ROSTOCK REALITY REPORTS
German media performance in reporting on the G8 summit. Aspects of the political analysis of the DJU (German Journalist Union)1 concerning journalistic misrepresentation of facts and misinformation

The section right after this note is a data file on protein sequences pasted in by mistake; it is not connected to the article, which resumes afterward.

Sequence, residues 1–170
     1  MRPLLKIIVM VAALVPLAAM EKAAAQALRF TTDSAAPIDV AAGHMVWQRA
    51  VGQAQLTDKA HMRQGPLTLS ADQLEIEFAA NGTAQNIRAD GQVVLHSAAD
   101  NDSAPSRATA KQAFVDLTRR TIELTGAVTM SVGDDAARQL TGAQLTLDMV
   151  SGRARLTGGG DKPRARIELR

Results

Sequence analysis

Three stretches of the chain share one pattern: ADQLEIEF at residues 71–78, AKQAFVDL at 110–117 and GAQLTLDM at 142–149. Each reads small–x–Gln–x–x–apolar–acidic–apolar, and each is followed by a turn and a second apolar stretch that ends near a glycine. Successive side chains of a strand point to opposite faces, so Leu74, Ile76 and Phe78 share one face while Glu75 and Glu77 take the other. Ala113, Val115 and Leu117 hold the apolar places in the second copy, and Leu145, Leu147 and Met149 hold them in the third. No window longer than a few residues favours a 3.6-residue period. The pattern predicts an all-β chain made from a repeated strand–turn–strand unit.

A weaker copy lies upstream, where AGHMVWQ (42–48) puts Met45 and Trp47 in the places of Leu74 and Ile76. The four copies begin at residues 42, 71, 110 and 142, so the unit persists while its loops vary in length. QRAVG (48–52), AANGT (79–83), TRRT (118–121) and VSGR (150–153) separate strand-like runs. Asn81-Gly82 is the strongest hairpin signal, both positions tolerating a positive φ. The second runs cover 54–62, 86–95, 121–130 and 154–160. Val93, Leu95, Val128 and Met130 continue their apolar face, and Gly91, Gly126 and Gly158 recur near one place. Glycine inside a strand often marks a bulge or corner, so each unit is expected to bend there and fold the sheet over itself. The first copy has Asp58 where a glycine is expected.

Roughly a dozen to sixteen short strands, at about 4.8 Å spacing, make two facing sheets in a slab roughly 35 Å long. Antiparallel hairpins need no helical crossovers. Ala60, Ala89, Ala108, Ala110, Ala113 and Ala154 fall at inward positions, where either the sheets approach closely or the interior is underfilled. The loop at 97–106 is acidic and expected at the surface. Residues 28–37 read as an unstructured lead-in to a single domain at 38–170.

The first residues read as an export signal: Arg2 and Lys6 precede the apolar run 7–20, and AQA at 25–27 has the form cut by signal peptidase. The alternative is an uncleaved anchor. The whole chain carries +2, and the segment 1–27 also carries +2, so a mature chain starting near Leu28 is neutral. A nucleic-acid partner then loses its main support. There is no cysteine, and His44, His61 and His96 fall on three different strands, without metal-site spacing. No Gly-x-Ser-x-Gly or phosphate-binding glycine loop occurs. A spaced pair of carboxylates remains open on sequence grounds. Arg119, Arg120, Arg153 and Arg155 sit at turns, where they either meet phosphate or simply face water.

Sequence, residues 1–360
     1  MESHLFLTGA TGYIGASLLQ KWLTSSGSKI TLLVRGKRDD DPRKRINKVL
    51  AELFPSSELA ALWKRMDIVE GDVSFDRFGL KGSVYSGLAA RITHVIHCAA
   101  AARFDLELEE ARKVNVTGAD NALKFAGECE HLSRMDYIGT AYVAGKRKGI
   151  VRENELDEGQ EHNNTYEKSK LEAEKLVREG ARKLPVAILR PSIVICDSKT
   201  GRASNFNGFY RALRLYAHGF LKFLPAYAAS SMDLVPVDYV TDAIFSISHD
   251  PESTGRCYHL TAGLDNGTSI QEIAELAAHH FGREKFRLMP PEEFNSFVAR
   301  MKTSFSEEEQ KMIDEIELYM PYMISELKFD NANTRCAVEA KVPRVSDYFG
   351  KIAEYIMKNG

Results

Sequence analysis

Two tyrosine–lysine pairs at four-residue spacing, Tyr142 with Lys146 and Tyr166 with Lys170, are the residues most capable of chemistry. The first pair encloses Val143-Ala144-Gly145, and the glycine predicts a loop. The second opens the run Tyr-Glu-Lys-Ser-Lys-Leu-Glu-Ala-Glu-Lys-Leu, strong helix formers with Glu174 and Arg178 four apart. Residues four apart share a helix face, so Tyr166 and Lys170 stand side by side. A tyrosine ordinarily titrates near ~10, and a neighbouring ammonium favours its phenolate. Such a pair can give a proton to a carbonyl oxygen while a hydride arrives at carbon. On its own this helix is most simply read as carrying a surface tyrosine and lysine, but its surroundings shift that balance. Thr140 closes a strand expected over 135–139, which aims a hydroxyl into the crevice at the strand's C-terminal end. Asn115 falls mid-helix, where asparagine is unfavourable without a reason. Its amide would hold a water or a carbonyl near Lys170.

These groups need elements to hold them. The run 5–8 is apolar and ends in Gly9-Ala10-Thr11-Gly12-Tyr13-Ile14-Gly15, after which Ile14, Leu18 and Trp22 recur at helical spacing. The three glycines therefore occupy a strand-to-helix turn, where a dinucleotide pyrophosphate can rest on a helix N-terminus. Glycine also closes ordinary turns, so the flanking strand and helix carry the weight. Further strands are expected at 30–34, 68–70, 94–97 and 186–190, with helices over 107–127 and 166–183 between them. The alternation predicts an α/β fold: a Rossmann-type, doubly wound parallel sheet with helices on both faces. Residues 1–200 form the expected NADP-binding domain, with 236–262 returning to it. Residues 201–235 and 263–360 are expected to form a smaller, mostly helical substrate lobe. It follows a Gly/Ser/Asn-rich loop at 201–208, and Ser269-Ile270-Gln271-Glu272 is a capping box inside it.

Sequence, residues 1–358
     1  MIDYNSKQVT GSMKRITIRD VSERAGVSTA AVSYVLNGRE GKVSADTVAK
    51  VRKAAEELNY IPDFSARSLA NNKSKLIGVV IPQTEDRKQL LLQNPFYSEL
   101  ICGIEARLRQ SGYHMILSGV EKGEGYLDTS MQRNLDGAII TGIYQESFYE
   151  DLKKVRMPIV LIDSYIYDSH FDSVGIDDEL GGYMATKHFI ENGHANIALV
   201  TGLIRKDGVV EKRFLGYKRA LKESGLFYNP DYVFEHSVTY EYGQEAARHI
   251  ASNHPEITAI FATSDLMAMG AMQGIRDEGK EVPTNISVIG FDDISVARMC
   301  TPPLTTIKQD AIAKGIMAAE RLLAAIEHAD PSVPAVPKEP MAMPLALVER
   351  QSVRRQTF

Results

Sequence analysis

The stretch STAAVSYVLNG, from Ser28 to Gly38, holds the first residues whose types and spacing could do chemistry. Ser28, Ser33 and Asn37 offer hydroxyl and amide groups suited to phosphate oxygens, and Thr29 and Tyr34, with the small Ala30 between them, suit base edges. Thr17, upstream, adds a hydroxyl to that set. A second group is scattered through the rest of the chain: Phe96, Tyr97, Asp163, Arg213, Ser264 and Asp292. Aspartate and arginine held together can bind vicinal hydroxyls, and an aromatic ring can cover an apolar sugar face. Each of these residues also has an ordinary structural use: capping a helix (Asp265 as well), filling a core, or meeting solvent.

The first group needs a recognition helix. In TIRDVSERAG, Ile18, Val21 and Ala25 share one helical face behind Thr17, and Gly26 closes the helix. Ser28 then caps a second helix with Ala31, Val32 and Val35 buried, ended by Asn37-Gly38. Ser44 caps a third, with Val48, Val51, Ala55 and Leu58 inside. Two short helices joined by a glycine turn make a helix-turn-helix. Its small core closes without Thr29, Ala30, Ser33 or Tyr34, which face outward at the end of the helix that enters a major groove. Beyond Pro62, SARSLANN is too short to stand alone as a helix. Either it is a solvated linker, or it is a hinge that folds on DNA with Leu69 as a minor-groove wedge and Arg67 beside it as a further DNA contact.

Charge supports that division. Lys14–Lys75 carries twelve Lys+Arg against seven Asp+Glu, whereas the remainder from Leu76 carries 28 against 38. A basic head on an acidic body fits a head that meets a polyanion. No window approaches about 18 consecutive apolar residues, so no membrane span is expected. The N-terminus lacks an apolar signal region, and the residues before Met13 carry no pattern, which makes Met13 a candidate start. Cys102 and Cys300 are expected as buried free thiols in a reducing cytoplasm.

The dramaturgical introduction of the quotation differed greatly from article to article. In one instance a “speaker incited a militant scene” on the assembly stage. In another interpretation according to the police “only one of the 3,000 militants” climbed the stage, while elsewhere “militants” had to first conquer the stage before a journalistic showdown finally occurred. Some reporters simply wanted “a man talking over a megaphone” or “through the speakers,” while the others were seen by the author of the quotation as the simple abrupt shout of an “autonomist” or simply “militants.” The journalists’ imagination obviously showed no limits that day, 2 July 2007. Whether quoted in the Bild, Ostsee Zeitung, Spiegel-Online, Stern, Münchner Abendzeitung or Stuttgarter Nachrichten, the following quote was identical: “We must bring the war into our demonstrations.” This sentence was in the words of many journalists regarded as the ultimate proof of the Black Bloc autonomists’ readiness for violence, of a so far unknown brutality or simply for the “battle of Rostock” – such article titles were written in big letters above articles about international demonstrations against the approaching G-8 summit in Heiligendamm. Journalists used the quotation in this form in their news items and in specially marked features and covered topics as well as in their own stories and reports. This sensitive quotation was informatively incorporated into reporting and published as journalistic research without adding any agency abbreviations or references. Following the first few uses, the quotation was reproduced worldwide in millions of copies, often with the additional remark: “We will achieve nothing by peaceful means.” Information from which the two cited sentences arose was of course, concealed to the reader. Not all the journalists who used the quotation did prior research into the quality of the source so as to suggest closeness when covering an event and the greatest possible authenticity and credibility of their work – a common practice in many cases of daily reporting. Not one journalist could have heard the quotation themselves, neither the reporter on the spot nor report and feature writers in editorial offices worldwide.